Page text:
One nefarious up-tick of a shit-bad economy is an increase in cannon fodder.
The New York Times reported in January 2009: â€œWhen the economy slackens and unemployment rises and jobs become more scarce in civilian society, recruiting is less challenging,â€ said Curtis Gilroy, the director of accession policy for the Department of Defense.
And a piece a couple of weeks ago in the Dallas Morning News on what’s now a recruiter’s dream:
For the first time, the four largest branches of the service — the Army, Navy, Air Force and Marines — are far exceeding their recruiting goals.
About 99 percent of enlistees have a high school diploma, and scores on the military entrance exam are the highest in the history of the all-volunteer force.
Those numbers are important, recruiters say, because enlistees with book smarts and discipline are usually easier to train.
“We know that unemployment is stubbornly high, around 9.5 percent, and that’s high by historical standards,” said Curtis Gilroy, the Defense Department’s director of recruiting.
“When jobs are scarce in the civilian sector, the military is relatively attractive as a post-high school option for young people.”
The US at high, unwavering unemployment, now at 9.6 percent (in reality about 17.5 percent), the military offers job opportunities if one is so inclined.
However, there’s some problems with the job.
If an IED don’t get you, a dose of Seroquel just might — drug use to way up for the armed services in efforts to fight PTSD or just plain war-weary battle fatigue.
The use of psychiatric medications is up a staggering 42 percent as troops are popping the pills to stay semi-sober.
Antidepressants were the most commonly prescribed medication, but the use of anti-psychotic meds — like Seroquel, which is used off-label to treat nightmares and insomnia caused by PTSD — nearly doubled.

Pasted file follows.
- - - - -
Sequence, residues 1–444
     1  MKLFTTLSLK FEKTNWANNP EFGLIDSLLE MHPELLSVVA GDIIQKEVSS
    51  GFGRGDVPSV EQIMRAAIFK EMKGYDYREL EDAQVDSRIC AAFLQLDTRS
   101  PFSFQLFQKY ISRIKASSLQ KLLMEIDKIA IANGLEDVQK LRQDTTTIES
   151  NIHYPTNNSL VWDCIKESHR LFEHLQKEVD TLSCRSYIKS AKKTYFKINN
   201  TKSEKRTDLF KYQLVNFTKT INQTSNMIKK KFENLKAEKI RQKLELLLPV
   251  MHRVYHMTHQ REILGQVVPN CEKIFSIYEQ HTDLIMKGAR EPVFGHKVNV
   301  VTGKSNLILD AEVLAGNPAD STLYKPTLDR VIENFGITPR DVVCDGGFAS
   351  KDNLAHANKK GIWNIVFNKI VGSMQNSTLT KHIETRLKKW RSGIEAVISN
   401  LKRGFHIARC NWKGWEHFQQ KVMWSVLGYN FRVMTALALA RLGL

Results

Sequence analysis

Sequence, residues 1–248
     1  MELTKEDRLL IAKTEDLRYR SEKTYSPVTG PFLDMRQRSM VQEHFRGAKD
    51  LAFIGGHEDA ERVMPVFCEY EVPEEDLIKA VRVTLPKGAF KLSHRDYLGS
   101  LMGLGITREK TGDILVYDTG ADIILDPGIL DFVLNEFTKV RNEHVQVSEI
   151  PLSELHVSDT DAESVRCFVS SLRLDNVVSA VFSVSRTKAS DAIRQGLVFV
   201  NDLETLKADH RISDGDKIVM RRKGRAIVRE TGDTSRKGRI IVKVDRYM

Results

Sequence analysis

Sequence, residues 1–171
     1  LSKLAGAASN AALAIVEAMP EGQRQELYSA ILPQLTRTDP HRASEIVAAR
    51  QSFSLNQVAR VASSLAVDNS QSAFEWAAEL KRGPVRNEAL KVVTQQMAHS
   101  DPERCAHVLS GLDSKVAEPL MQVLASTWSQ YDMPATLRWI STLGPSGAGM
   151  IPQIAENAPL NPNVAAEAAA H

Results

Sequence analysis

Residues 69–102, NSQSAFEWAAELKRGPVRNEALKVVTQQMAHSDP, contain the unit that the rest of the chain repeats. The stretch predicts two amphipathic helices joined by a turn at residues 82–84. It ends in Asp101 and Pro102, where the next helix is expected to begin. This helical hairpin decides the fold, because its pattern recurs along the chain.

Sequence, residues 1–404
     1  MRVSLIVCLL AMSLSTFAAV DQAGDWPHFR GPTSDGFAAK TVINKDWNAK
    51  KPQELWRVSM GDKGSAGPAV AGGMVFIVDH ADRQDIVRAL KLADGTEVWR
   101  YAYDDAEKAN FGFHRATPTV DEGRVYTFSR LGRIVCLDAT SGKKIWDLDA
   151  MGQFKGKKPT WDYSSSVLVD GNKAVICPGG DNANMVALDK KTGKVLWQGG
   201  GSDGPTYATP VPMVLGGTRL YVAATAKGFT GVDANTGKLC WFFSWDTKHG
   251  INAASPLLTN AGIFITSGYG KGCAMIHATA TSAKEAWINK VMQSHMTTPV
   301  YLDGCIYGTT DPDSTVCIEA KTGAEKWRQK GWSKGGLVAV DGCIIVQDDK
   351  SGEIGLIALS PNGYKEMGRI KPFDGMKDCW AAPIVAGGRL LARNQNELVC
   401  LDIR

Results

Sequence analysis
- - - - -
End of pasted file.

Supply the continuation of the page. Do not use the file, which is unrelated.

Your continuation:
And the use of anti-anxiety drugs, like Xanax, surged by 72 percent.
The numbers are startling, but itâ€™s hardly surprising that prescription drugs have become the Pentagonâ€™s solution of choice, when theyâ€™re essentially the only option.
With both wars lagging on for years, and troops being redeployed despite psychiatric problems, the militaryâ€™s fast-tracked efforts at more effective alternatives canâ€™t keep up.
All war all the time — i.e.,Â The Long War — has turned the US military into a hellish organization.
An Army report from last summer described itself as one broken, messed-up outfit.
AÂ McClatchy piece last week focused on Lt. Col. Dave Wilson’s battalion of the 4th Brigade of the 1st Armored Division:
Nearly 70 soldiers in his 1,163-member battalion had tested positive for drugs: methamphetamine, cocaine and marijuana.
Others were abusing prescription drugs.
Troops were passing around a tape of a female lieutenant having sex with five soldiers from the unit.
Seven soldiers in the brigade died from drug overdoses and traffic accidents when they returned to Fort Bliss, near El Paso, after their first deployment.
“The inmates were running the prison,” Wilson said.
McClatchy noted the mammoth problems facing the Army overall:
The result, the Army found, is that “drug and alcohol abuse is a significant health problem in the Army.” Where the Army once rigidly enforced rules on drug use, it got sloppy in the rush to get soldiers ready for the battlefield, commanders say.
Officers who once trained soldiers on everything from drug abuse to financial planning had only enough time to get their troops ready for battle.
“I think we’ve got to understand that the force we have today is different from the force we had 10 years ago,” said Gen. Peter W. Chiarelli, the vice chief of staff of the Army, who oversaw the study and is heading up the Army’s response to it.
“We’ve got kids that are going to have some behavioral health issues.
The real hard part for us is to determine, ‘OK, I am willing to help this kid with behavioral health issues, but how long can I help him?
How long can I do that and make sure I have a force capable of doing whatever the nation asks it to do?’ “
The nation asks it to do? Are you shitting me?
What the rulers say — in this case, George Jr. and The Dick, and now, in knuckling to the status quo, President Obama.
A war never-ending makes for some bad shit-times for the people involved, those seeking employment in this sector better beware.
From today’s NYT: The brutal, premeditated killings of three Afghan civilians â€” allegedly at the hands of American soldiers â€” are expected to be detailed in military court near here this fall, potentially undermining efforts by the United States as it tries to win support among Afghans in fighting the Taliban.
Battle does bad shit to everybody involved.
(Illustration found here).